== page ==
Monday, September 14, 2009

Midnight In The Garden Of Goobers And Weasels cont.

Much hand wringing this weekend about the prez's so-called loss of white support, the media's thrall of the angry super-pats, the perils the Dems face in the '10 elections. Even Mr. Rich was cranky yesterday about how in his opinion Obama allowed the healthcare debate to be hijacked by the flag necktie set, dah dah dah. . .

You may say I'm a dreamer, but let's look at things in a slightly different light. First: there is still no smart person in sight in GOP Land. Stupid people running things make colossal and avoidable errors, even when events might favor them, which they currently don't. Second: Newspapers and TV have always sided with the forces of money and entrenched order, being forces of money and entrenched order themselves--that is until recently. Watching their influence and income drain every quarter, they have ramped up their coverage of the shrill and mindless because A) their bottom line inclines them to do so (count the ad pages and commercial minutes for prescription drugs and hospitals sometime) and B) the old media folk desperately need to prove they still drive the narrative, now that it's getting clearer that they really don't.

Just as Three: the GOP's legislative apparatus desperately needs to show its sponsors that it can still deliver, a proposition which has looked dubious all year and now, after the prez's address last Wednesday, verges on the laughable. No, the serious money people are looking on those loud-mouth sign-waving clowns (I am referring to elected Republican officials in the House chamber, not the good citizens assembled on the Mall) and must wonder deeply what their money is getting them now.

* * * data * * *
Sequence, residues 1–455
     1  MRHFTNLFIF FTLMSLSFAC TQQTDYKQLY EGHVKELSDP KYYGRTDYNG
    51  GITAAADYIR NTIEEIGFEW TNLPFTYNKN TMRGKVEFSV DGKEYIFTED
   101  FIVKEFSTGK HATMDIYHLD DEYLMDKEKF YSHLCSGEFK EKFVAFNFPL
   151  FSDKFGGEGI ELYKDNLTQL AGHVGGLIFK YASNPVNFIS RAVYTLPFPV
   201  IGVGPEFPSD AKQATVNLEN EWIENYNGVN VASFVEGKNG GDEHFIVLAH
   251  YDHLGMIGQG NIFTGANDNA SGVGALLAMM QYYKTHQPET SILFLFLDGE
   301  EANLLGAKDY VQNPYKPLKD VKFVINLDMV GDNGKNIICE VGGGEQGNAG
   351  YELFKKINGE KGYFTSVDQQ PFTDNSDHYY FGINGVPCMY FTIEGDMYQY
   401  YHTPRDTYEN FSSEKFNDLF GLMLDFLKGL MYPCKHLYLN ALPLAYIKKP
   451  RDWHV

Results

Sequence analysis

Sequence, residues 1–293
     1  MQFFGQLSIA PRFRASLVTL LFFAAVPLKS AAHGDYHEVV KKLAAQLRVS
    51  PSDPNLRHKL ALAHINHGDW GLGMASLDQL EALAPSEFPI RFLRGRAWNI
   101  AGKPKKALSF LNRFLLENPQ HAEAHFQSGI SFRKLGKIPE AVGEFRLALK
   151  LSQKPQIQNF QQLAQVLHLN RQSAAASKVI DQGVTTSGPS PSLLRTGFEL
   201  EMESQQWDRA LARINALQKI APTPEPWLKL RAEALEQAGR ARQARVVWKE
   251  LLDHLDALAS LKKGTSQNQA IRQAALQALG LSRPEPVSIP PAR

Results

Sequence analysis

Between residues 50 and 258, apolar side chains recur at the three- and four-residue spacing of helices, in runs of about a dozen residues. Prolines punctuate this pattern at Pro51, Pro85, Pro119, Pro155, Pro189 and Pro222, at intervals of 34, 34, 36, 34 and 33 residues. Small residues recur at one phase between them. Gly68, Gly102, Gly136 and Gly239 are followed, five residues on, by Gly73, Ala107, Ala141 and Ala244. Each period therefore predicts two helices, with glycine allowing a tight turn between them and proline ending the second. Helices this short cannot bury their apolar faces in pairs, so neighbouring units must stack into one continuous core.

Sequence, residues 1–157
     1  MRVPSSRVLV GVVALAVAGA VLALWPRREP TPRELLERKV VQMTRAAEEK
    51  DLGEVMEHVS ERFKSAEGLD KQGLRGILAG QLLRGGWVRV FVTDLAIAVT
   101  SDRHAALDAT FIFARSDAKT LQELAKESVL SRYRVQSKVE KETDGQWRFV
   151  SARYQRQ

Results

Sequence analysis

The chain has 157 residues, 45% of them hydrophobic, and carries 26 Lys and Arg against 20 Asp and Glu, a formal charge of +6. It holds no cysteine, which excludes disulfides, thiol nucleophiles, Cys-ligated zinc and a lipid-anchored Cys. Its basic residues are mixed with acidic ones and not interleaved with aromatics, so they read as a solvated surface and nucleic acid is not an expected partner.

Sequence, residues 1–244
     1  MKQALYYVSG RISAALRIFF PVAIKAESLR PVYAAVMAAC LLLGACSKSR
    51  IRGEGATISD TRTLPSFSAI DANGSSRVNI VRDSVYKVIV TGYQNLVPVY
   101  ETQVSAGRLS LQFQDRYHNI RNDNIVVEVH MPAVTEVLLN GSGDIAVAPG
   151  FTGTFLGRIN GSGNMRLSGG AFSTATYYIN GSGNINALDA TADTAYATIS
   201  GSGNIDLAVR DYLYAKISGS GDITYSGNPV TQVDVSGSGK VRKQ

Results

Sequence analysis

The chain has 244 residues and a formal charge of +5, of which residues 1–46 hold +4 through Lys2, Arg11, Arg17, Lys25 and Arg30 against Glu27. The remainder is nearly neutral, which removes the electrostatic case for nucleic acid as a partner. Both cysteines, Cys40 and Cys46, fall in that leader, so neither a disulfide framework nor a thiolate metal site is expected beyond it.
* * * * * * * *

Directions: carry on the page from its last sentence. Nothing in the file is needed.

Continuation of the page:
Nutty Jim DeMint is right, this really is Waterloo for the GOP--not because our freedoms as a nation have been sucked away by fascist czarist communists, but because those who hand out the serious green will look to spend their Washington money where it will get the best return, which will not be the coffers of the result-starved, brain-dead, helpless GOP.

In truth, big money moving back to the Democratic side is not such great news, but I will venture to say that big money ain't what it used to be and that the Dems do not line up in nearly as fine an order as the highly-trained Repubs. But that will have to be a story for another day.

Nate Silver advises not to minimize the import of a DC rally which drew at best estimate 70,000 souls, so I won't. But still, organizers would have certainly liked to have at least cracked the six-figure mark. Looked at from the perspective of audience share, it was a very poor showing indeed if what you wanted to demonstrate was the awesome power of right-wing radio and TV media.

Nope, the visuals were pretty pathetic (honestly, how many non-bottom-feeding advertisers will look upon the video and film of the sincere and strange people assembled in DC this weekend and say: Yes! There's my national market!), and as near as I can tell, no speaker or entertainer of any vividness or strength--a Huey Long, say, a Woody Guthrie--appeared to galvanize the attending and appeal to those watching from afar. No, the best the likes of FUX et. al. could accomplish was to get a bunch of decent, if very upset and confused, people to mix with some genuinely hateful low-lifes to reflect the pain and discord felt by most Americans anyway. Message being: Things are tough all over.